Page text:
How is the airflow out the vents? Does it blow the hair back on your forehead? it should.. The evaporaotrs in 88-93 on GM "A" cars were known for porous leaks- allowing refrigerant and oil to leach out- which collects dirt and dust and plugs the airflow path-- you can pull your blower motor resistor and look at the air inlet face of your evap and determine if yours is leaking. It was always worse in Midwest due to acid rain aggravating the problem. I have had cars that I could not tell the difference between high and low speed blower- could hear it, but could not feel it.

I also agree the shaft seal is a good place to look for the leak-- is there oil slinging?

Sounds like you have the 3.8L - since that uses a cycling compressor the DA-6 (later the HD-6) all other "A-car" engines used the V-5 compressor- doesn't cycle.

The number one A/C diagnostic tool there is- is to know how much refrigerant is in the system- this can only be done by recovering and weighing the refrigerant!!
Just a thought.... 65% of A/C failures in my 3200 car diagnostic database (GM vehicles) are due to loss of refrigerant due to a leak......

JLHAWKINS on Tue June 09, 2009 10:06 PM User is offline

Thanks for the input. The next time I visit Mother who lives about 150 miles away, I will check more closely the things mentioned. By the way this is a Tennessee car near Nashville.

Concerning the airflow from the vents, I consider it poor even on "High" so a dirty, somewhat clogged evaporator is a very good possibility. I will pull the blower fan motor and take a look next time and report my findings.

Thanks again for your assistance.

JLHAWKINS on Sun July 12, 2009 10:54 PM User is offline

Just an update on this vehicle. I went to visit over the July 4th weekend and checked the vehicle again. As suggested, I tried to check the evaporator face for debris by removing the blower motor. I could not remove the blower motor from the case all the way due to the location of the power steering pump on this 3.8 engine. I noticed how large the opening for the blower motor resistor bank and how it was located very close to the evaporator core face. I removed the resistor bank and could see the face of the coil fairly well. It was pretty much clogged with leaves and other types of "tree" debris. It did have one small spot where it looked like dust had maybe gotten on an oil leak but it must not be much of a refrigerant leak as none has been added in the last 2 years. I vacuumed it out as best I could, blew it out with air and cleaned the face with "Greased Lightning" as best I could.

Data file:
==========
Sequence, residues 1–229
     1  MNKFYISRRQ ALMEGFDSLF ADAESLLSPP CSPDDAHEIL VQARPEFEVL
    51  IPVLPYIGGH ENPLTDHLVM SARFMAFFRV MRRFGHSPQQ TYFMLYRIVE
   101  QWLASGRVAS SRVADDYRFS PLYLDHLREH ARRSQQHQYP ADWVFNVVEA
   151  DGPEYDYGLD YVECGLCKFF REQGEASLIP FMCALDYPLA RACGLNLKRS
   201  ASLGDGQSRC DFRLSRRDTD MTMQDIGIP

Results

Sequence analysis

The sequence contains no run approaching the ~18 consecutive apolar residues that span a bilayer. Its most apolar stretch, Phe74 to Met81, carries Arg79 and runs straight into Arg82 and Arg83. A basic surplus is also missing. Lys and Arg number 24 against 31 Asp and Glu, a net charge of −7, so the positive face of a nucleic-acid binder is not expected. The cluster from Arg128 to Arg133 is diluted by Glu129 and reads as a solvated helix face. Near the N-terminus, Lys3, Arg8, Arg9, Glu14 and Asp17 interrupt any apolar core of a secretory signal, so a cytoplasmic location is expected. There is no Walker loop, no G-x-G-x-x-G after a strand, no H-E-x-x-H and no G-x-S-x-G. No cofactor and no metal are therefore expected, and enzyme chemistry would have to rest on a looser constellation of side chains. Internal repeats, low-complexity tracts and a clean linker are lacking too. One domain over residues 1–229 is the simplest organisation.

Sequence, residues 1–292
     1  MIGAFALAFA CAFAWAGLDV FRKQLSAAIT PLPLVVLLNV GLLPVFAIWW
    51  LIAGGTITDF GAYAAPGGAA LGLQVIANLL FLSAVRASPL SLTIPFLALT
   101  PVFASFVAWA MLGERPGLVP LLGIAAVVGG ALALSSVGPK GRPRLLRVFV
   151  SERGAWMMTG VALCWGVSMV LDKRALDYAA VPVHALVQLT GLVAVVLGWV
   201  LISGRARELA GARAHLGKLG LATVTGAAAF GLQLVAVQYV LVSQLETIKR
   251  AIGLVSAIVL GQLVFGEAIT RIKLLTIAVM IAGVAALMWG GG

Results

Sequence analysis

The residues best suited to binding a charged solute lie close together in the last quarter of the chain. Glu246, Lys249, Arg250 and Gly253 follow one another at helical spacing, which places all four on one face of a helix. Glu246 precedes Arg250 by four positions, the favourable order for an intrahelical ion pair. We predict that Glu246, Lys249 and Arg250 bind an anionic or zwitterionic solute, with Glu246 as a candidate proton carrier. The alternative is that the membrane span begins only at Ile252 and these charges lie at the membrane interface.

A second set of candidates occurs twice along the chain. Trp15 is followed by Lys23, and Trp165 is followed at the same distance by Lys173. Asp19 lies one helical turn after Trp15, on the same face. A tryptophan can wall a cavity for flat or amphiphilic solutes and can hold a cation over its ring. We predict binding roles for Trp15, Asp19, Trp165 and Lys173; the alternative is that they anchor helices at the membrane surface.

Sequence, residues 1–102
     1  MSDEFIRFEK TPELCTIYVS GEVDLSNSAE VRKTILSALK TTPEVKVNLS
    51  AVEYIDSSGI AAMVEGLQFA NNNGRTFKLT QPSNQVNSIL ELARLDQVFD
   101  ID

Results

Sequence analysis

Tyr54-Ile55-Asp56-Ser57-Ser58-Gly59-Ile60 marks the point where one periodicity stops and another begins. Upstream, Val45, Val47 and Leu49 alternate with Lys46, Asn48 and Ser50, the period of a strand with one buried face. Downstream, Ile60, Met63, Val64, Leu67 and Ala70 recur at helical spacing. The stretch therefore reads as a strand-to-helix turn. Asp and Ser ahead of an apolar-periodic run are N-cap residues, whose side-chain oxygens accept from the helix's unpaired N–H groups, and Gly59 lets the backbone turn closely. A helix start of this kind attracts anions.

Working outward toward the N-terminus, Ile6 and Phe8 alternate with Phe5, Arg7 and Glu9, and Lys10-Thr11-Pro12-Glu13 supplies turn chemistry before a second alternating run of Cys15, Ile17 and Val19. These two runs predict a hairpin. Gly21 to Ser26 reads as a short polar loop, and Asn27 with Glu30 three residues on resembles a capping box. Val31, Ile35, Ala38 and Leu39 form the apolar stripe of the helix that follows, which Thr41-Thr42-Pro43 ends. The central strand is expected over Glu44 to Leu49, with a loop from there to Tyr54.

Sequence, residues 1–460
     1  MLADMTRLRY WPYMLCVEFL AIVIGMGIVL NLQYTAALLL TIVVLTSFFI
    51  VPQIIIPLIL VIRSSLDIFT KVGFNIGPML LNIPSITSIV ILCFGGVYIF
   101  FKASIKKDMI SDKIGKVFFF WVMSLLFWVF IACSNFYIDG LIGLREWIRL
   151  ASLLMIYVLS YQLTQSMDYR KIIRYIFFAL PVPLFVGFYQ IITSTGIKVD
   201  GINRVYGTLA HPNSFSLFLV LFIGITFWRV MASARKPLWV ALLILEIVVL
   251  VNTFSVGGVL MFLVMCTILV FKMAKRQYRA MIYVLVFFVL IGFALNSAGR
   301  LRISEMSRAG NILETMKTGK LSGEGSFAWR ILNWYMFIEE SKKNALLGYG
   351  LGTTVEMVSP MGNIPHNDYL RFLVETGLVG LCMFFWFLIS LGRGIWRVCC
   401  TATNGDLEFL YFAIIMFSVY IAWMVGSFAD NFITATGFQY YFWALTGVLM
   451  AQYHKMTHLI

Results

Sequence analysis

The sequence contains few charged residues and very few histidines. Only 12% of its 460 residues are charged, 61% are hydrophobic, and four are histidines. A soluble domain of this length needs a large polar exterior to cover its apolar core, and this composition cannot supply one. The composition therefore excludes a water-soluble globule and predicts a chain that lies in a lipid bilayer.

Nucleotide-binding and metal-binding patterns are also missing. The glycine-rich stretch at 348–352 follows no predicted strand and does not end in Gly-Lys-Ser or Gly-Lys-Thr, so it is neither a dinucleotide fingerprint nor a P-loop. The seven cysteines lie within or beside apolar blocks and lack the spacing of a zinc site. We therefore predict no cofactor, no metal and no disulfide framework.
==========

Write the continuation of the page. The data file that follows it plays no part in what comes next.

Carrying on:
I reinstalled the resistor bank, hooked up my gauges and started the vehicle. The first thing I noticed was a large increase in air flow from the vents. Second, the accumulator started sweating, something it hadn't done before. Pressures were about the same as before with an ambient of mid-90's but the vent temperatures were in the upper 40's. Alas, cool air and lots of it. I had noticed on this vehicle that the air flow from the vents had not been what it should for many years. I don't know if it is what should be now but I know it is greatly improved and cooling is now acceptable.

Thanks for the suggestion about the clogged coil. You were right on target. I had a similar experience with my S-10 Blazer where I vacuumed a large quantity of water oak leaves from the case on it. There too, air flow and consequently both heating and cooling were improved. I just never really thought about it on Mother's car.

An observation from an amateur in automotive A/C, air flow over both coils, condenser and evaporator, play a major role in determining a system's performance. Poor air flow on either equals poor system performance.

Thanks again for you assistance. We are now riding in comfort!

GM Tech on Mon July 13, 2009 11:10 AM User is offline

Certainly appreciate the feedback- good to know we could to keep Mom cool!!!!

The number one A/C diagnostic tool there is- is to know how much refrigerant is in the system- this can only be done by recovering and weighing the refrigerant!!
Just a thought.... 65% of A/C failures in my 3200 car diagnostic database (GM vehicles) are due to loss of refrigerant due to a leak......